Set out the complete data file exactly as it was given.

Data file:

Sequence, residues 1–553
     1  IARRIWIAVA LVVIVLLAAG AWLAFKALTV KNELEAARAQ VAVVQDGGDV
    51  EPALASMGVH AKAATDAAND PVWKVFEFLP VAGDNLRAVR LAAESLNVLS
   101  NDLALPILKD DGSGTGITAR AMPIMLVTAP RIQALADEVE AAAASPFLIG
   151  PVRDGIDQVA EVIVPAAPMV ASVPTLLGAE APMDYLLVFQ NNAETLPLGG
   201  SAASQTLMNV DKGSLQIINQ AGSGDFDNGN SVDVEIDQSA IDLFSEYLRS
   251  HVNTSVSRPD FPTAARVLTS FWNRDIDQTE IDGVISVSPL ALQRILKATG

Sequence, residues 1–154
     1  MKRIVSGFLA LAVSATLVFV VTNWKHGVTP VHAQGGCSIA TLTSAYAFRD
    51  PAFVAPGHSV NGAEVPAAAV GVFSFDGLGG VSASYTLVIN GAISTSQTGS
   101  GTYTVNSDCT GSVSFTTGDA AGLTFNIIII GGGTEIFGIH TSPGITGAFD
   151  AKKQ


Sequence, residues 1–553
     1  IARRIWIAVA LVVIVLLAAG AWLAFKALTV KNELEAARAQ VAVVQDGGDV
    51  EPALASMGVH AKAATDAAND PVWKVFEFLP VAGDNLRAVR LAAESLNVLS
   101  NDLALPILKD DGSGTGITAR AMPIMLVTAP RIQALADEVE AAAASPFLIG
   151  PVRDGIDQVA EVIVPAAPMV ASVPTLLGAE APMDYLLVFQ NNAETLPLGG
   201  SAASQTLMNV DKGSLQIINQ AGSGDFDNGN SVDVEIDQSA IDLFSEYLRS
   251  HVNTSVSRPD FPTAARVLTS FWNRDIDQTE IDGVISVSPL ALQRILKATG

Sequence, residues 1–154
     1  MKRIVSGFLA LAVSATLVFV VTNWKHGVTP VHAQGGCSIA TLTSAYAFRD
    51  PAFVAPGHSV NGAEVPAAAV GVFSFDGLGG VSASYTLVIN GAISTSQTGS
   101  GTYTVNSDCT GSVSFTTGDA AGLTFNIIII GGGTEIFGIH TSPGITGAFD
   151  AKKQ